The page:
If our preferential tax treatments are revoked, become unavailable or if the calculation of our tax liability is successfully challenged by the PRC tax authorities, we may be required to pay tax, interest and penalties in excess of our tax provisions, and our results of operations could be materially and adversely affected.

The Chinese government has provided various tax incentives to our subsidiaries in China. These incentives include reduced enterprise income tax rates. For example, under the EIT Law and its implementation rules, the statutory enterprise income tax rate is 25%. However, Jiubang Digital was recognized as a “high and new technology enterprise”, which enabled it to enjoy an enterprise income tax rate of 15% until December 31, 2013. Jiubang Computer has applied for “double soft” certification, and subject to the approval of competent tax authorities in Guangdong, Jiubang Computer will be entitled to exemption of the enterprise income tax for the first two years and half rate reduction of enterprise income tax for the subsequent three years. Any increase in the enterprise income tax rate applicable to our PRC subsidiaries or PRC variable interest entities in China, or any discontinuation or retroactive or future reduction of any of the preferential tax treatments currently enjoyed by our PRC subsidiaries or PRC variable interest entities in China, could adversely affect our business, results of operations and financial condition. In addition, in the ordinary course of our business, we are subject to complex income tax and other tax regulations and significant judgment is required in the determination of a provision for income taxes. Although we believe our tax provisions are reasonable, if the PRC tax authorities successfully challenge our position and we are required to pay tax, interest and penalties in excess of our tax provisions, our results of operations and financial condition would be materially and adversely affected.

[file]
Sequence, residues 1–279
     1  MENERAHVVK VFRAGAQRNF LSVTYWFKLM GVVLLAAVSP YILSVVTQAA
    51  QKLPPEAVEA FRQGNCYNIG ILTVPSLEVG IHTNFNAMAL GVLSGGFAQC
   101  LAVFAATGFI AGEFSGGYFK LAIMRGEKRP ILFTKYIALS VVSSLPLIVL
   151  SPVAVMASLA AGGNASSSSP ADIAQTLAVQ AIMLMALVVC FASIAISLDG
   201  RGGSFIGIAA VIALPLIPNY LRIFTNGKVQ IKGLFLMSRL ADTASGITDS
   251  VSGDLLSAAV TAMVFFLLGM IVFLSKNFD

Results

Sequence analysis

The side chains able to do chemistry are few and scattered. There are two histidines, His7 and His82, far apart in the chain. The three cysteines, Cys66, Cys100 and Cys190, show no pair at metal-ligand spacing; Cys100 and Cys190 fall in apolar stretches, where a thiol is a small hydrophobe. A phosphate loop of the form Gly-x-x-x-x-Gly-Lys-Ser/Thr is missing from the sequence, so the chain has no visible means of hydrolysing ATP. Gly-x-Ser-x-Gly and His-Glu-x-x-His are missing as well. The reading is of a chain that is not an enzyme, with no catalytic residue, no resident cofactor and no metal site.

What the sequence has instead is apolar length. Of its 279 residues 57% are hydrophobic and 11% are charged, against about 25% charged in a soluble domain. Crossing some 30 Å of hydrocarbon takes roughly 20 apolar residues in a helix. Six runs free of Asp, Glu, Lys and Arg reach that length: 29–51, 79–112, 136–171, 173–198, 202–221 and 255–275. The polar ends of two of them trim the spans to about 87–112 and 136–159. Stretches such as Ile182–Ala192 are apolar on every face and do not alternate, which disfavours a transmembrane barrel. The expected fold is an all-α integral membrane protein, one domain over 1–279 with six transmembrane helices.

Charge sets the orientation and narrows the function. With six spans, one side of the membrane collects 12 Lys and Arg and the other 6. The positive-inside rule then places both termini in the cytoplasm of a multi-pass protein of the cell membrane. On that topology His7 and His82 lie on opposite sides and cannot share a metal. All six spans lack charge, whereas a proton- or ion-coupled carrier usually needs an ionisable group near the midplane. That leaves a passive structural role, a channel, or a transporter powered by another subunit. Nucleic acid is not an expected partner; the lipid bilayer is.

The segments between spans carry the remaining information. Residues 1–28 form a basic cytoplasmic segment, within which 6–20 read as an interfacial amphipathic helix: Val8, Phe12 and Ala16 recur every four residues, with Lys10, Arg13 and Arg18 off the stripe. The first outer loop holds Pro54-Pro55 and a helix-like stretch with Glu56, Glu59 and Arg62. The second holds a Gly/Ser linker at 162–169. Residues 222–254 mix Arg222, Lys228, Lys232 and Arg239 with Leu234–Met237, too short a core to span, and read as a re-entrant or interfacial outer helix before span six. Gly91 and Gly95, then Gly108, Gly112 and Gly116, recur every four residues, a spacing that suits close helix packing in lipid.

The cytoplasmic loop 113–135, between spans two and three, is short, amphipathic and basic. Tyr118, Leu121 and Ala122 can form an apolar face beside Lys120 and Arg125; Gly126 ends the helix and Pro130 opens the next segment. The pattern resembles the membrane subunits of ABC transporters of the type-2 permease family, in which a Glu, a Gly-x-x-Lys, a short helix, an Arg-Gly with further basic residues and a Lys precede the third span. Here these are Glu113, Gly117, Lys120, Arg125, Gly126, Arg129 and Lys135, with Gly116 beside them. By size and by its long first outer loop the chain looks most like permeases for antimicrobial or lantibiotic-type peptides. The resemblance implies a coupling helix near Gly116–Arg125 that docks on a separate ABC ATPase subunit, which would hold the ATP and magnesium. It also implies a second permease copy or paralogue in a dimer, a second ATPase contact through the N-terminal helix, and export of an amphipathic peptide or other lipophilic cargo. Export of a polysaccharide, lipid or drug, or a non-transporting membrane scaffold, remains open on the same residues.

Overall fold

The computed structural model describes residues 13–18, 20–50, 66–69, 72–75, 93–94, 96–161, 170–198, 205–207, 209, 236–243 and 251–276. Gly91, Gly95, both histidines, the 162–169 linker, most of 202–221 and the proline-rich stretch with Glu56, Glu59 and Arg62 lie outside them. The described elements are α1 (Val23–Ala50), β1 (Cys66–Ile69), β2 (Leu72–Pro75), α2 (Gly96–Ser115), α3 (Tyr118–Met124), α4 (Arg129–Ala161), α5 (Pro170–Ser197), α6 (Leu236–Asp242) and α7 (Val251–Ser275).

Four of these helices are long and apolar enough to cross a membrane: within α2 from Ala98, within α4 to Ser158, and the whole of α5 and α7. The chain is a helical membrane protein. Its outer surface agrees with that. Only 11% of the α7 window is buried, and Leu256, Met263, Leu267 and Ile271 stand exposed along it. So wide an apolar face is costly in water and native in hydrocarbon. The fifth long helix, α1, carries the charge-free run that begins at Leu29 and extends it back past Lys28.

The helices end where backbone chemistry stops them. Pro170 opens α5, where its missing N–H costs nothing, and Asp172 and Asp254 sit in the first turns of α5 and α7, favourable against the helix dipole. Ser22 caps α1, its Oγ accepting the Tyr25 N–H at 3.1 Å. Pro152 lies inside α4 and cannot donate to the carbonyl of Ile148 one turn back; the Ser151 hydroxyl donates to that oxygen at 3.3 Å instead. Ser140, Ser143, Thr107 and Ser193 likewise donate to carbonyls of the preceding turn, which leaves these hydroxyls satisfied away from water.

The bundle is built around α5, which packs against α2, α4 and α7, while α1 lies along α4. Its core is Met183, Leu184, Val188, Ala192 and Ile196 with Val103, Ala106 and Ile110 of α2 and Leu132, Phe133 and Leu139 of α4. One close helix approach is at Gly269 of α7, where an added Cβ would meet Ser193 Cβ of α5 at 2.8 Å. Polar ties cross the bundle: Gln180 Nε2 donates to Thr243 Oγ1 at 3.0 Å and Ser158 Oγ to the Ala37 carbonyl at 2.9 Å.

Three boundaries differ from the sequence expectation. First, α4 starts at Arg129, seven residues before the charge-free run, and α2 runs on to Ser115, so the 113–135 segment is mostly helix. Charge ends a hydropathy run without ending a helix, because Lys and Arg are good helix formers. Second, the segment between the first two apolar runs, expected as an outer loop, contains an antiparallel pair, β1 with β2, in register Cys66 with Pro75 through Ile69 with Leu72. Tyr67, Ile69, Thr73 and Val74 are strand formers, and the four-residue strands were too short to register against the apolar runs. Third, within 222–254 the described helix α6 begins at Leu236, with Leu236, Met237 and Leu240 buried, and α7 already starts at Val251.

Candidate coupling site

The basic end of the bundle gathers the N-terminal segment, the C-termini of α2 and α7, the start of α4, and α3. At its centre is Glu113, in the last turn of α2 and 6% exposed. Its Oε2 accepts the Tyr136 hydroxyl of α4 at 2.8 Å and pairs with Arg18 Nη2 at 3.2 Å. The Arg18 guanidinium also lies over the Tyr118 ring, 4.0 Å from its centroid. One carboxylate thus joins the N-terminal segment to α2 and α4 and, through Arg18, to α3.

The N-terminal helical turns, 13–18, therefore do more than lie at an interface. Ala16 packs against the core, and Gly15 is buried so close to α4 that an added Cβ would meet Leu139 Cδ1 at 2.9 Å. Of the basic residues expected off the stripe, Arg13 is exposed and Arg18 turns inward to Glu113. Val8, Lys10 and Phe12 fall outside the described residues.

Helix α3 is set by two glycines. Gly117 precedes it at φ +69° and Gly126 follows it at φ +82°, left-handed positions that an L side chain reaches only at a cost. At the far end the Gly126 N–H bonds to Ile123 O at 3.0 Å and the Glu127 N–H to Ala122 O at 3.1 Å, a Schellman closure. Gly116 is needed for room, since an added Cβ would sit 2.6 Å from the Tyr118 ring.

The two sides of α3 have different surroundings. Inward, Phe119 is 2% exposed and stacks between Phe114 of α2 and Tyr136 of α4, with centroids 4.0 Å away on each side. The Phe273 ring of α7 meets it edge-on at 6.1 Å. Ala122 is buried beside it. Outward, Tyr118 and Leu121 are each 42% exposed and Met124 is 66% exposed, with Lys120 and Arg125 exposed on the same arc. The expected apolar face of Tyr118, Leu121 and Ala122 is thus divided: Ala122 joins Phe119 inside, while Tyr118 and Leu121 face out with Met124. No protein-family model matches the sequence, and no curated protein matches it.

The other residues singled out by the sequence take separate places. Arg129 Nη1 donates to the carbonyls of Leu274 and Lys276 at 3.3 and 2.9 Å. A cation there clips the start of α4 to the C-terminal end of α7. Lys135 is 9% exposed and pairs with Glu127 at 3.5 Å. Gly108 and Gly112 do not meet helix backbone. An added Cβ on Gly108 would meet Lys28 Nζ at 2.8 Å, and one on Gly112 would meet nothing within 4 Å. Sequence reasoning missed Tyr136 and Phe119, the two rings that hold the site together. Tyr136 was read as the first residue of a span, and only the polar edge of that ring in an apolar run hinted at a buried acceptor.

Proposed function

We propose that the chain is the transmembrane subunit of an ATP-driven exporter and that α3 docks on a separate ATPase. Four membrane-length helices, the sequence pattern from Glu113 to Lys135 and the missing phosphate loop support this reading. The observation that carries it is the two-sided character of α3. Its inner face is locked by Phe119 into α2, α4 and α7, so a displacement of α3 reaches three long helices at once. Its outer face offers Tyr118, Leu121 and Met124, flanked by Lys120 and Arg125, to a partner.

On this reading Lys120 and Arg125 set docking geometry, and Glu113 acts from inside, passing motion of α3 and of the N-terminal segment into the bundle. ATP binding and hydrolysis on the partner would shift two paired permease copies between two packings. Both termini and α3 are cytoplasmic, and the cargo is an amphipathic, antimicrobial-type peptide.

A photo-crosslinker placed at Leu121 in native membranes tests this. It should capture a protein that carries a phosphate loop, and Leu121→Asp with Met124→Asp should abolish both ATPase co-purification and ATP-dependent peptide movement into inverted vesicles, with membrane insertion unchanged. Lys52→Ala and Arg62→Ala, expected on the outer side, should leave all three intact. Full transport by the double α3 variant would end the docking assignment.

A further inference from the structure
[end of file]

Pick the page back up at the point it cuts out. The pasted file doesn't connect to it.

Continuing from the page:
China’s M&A Rules and certain other PRC regulations establish complex procedures for some acquisitions of Chinese companies by foreign investors, which could make it more difficult for us to pursue growth through acquisitions in China.

The Mergers and Acquisitions of Domestic Enterprises by Foreign Investors, or the M&A Rules, and other recently adopted regulations and rules concerning mergers and acquisitions established additional procedures and requirements that could make merger and acquisition activities by foreign investors more time consuming and complex. For example, the M&A Rules require that MOFCOM be notified in advance of any change-of-control transaction in which a foreign investor takes control of a PRC domestic enterprise, if (i) any important industry is